The ‘joy’ can appear a little small if we hold the wrong stocks, though …
This is not investment advice. Please read the disclaimer. I might own discussed stock(s) currently or at a later time. I might transact in any securities at any time.
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With central banks fighting inflation we experience once more the phenomenon of nominal interest rates. Some investors compare interest rates to the force of gravity in our physical world: both keep objects down to earth, and rising ever higher requires a lot of energy. As we currently experience, if asset prices rose too high above ground, higher interest rates bring them back down. Some assets are more affected than others, or at least should be, if we think about value rather than price. As discount rates used for valuation purposes rise, fundamentals of a few businesses could indeed benefit from higher rates…
Potential winners. Some businesses should prosper with higher interest rates. I can think of the following: Banks in general might benefit, but more specifically banks that have high deposit balances and pay low interest rates for these without losing customer’s deposits should earn considerable risk less net interest margins on those balances. Cases are easier without investment banking activities and very conservative loan books. Too high a level of interest rates should correlate with higher loan defaults and lower collateral asset prices (ie used cars), though. Insurances should be able to earn higher income and total returns from their investing business going forward. Companies with large piles of net cash or holding significant cash for third parties.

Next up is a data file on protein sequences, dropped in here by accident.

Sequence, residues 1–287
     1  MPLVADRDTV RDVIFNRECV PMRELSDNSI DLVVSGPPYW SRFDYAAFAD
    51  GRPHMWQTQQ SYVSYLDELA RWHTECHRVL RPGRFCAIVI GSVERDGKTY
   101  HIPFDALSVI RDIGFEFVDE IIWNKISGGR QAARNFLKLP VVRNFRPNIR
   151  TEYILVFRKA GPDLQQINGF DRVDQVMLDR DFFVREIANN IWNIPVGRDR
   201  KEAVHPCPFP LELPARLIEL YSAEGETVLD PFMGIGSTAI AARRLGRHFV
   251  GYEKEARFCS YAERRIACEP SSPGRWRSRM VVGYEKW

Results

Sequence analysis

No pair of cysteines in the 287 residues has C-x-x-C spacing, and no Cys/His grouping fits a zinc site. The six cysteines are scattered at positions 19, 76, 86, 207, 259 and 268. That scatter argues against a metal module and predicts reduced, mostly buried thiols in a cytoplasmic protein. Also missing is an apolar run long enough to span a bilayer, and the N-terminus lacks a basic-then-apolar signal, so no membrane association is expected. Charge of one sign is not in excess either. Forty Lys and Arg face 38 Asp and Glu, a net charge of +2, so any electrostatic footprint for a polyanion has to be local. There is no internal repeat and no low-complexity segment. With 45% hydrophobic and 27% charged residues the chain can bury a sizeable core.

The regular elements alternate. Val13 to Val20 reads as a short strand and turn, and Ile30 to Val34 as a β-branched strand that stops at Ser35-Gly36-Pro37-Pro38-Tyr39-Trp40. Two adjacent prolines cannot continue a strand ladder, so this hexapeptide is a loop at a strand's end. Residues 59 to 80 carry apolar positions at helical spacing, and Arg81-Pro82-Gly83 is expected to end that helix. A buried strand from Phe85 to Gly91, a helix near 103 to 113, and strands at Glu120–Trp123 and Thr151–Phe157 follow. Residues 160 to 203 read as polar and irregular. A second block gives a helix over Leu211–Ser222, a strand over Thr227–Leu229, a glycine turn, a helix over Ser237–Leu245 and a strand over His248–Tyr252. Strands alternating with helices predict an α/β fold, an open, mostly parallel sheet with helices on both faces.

- Computershare earns bigger margin income from cash balances held temporarily for corporate actions.
- Similar companies?
- Companies in capacity driven industries might benefit in a few years if industry CapEx levels are falling now due to high rates.
Inverting the losers. Highly leveraged companies, and their stocks, might lose due to higher interest levels and a likely worsening economic enivonment. –> companies with net cash, or at least lt. Debt with fixed coupons
Companies that have to spend heavy on capex today to earn (low) margins over the next x years, and then replace the equipment once more at higher prices. The annualized depreciation underestimates the real economic cost. –> asset light companies, companies that receive money upfront and/or hold it temporarily for 3rd parties.